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The latest free school meals debacle shows governmental failure to provide for poor children

It would take a truly stupendous event to undermine the Brexit controversy that has engulfed the last four years, ultimately promoting Boris Johnson from mayor to Prime Minister. Covid-19 has burst like a tsunami through the public’s expectations of their politicians; crisis after crisis has led to social issues have been swept to one side to focus on survival. Underneath the political response has been a debate as to whether a proactive or a reactive approach most effectively combats the pandemic. Whereas the lockdowns were based around reactivity to the contagion of the virus, the vaccine promises a proactive response to the ongoing tragedy that this country faces. 

Yet it seems like the government has forgotten the importance of social welfare for this country’s prosperity. On Tuesday 12th January, a photo went viral of the government’s free school meal package for families at home. In the package- intended to feed the children for ten days- there was a small package of pasta, two potatoes, 3 frubes, two bananas, two carrots, 2 soreen, 2 cans of baked beans, 3 apples, a few cheese slices, an unbranded loaf of bread and, bizarrely, a tomato. This scheme promised the equivalent of £30 worth of food for 10 days during the third national lockdown. Whether or not the original Twitter user Roadside Mum’s claim that it was worth £5.22 is accurate is difficult to ascertain, but it is unquestionable that the paucity of these cheap products could only equate to a few pounds. Economics aside, this array of items is a middle finger to cohesive meal plans: it is difficult to imagine someone actively buying this for their children’s lunchboxes or, god forbid, serving it in a school cafeteria. Moreover, another family was given assorted bread-making ingredients and instructions for how to make it into rolls- perhaps forgetting the purpose of free school meals is to help and support, rather than create an additional chore. Other families complained of products that were a day away from their sell-by date; some of the items were additionally wrapped in money bags, a hilariously appropriate symbol.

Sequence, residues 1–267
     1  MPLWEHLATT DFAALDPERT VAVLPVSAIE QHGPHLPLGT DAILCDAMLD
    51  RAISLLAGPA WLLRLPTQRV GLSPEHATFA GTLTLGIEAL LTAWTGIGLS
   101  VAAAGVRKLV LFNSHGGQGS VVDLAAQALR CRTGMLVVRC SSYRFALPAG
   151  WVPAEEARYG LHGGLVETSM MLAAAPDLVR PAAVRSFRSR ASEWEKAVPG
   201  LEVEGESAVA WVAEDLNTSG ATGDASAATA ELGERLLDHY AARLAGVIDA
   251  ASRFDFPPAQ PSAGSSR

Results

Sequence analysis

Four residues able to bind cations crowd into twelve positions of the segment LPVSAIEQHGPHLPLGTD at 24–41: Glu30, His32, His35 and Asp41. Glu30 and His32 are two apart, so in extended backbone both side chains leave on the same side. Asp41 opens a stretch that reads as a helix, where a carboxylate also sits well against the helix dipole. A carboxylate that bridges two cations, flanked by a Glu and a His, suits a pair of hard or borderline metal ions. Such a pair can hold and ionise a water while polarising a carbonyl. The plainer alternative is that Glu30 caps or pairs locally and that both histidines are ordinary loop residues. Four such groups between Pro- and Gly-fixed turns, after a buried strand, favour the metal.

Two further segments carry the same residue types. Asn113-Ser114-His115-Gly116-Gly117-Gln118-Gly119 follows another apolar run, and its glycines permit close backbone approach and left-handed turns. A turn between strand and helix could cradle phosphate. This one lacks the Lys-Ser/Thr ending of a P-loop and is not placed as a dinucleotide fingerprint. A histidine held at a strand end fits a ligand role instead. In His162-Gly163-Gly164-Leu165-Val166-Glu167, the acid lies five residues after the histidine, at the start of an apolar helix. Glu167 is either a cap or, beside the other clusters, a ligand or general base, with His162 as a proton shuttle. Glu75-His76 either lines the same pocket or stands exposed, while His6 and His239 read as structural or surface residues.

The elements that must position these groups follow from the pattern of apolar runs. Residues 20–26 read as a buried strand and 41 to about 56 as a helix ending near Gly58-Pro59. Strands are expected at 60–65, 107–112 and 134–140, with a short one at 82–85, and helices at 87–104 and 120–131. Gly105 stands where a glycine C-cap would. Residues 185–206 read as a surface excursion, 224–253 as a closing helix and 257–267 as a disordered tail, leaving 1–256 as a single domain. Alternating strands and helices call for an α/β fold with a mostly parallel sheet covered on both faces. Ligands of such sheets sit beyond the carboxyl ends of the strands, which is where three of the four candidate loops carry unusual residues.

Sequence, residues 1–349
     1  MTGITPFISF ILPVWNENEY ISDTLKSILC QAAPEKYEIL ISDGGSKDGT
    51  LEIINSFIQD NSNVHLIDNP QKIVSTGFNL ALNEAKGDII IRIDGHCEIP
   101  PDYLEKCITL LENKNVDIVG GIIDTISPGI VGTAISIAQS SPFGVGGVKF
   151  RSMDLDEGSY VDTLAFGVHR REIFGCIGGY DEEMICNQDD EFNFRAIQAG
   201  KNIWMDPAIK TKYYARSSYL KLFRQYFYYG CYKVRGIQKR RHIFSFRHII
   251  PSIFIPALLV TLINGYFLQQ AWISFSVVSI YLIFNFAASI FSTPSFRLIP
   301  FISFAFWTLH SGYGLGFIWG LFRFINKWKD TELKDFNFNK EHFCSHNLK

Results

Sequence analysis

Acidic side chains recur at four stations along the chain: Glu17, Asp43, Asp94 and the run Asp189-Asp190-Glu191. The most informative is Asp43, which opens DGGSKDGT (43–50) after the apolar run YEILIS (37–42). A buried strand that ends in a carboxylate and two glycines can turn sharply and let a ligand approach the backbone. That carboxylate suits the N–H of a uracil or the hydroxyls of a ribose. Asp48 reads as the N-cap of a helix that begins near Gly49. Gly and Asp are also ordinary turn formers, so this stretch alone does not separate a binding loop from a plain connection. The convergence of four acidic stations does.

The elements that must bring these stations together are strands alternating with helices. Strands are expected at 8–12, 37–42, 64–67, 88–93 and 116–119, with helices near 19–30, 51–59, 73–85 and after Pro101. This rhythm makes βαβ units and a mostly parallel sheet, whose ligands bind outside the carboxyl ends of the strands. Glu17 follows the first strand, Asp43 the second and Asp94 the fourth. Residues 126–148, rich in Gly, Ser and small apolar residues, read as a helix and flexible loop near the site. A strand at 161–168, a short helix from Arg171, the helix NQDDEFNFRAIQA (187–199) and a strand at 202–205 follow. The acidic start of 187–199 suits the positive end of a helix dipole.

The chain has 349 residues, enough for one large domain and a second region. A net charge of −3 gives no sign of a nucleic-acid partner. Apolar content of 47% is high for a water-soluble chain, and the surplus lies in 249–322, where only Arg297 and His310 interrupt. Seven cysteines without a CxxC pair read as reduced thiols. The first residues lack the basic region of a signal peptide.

Of course, this is not the government’s fault directly- the catering company, Chartwells, publicly apologised. Those who received the meals will be able to receive vouchers from January 18th. However, the lacklustre, borderline insulting offerings from this catering company is a response to the government’s strategy of attempting to decimate the school meal offerings without attracting attention. Before a fierce social media campaign led by Marcus Rashford, the government was prepared to let free school meals stop. After the rise of #makeauturn, however, the government pledged a £170 million package for councils with 80% allocated to support families with food and bills. Yet the Department for Education has declared in their advice for schools that ‘schools do not need to provide lunch parcels or vouchers during the February half term’. The government also voted, in majority, against extending free school meals into the holidays during an opposition day debate in October, prompted by a petition by Marcus Rashford. Marcus Rashford has also pleaded with the government for a free school meal review, backed by celebrities such as Emma Thompson and Jamie Oliver.

The sad fact is that people who are not politicians, like Marcus Rashford, and memorably Captain Tom Moore should not be expending time and effort to support services that provide our basic human rights. That is literally what the government is for. Whether or not we agree with the politics involved, every move the government makes should be closely watched. Like them, as citizens, we must take a proactive approach in eliminating the spread of poverty, and not let incidents like these disgraceful free school meal packages go un-responded to. 

Image: Wikimedia Commons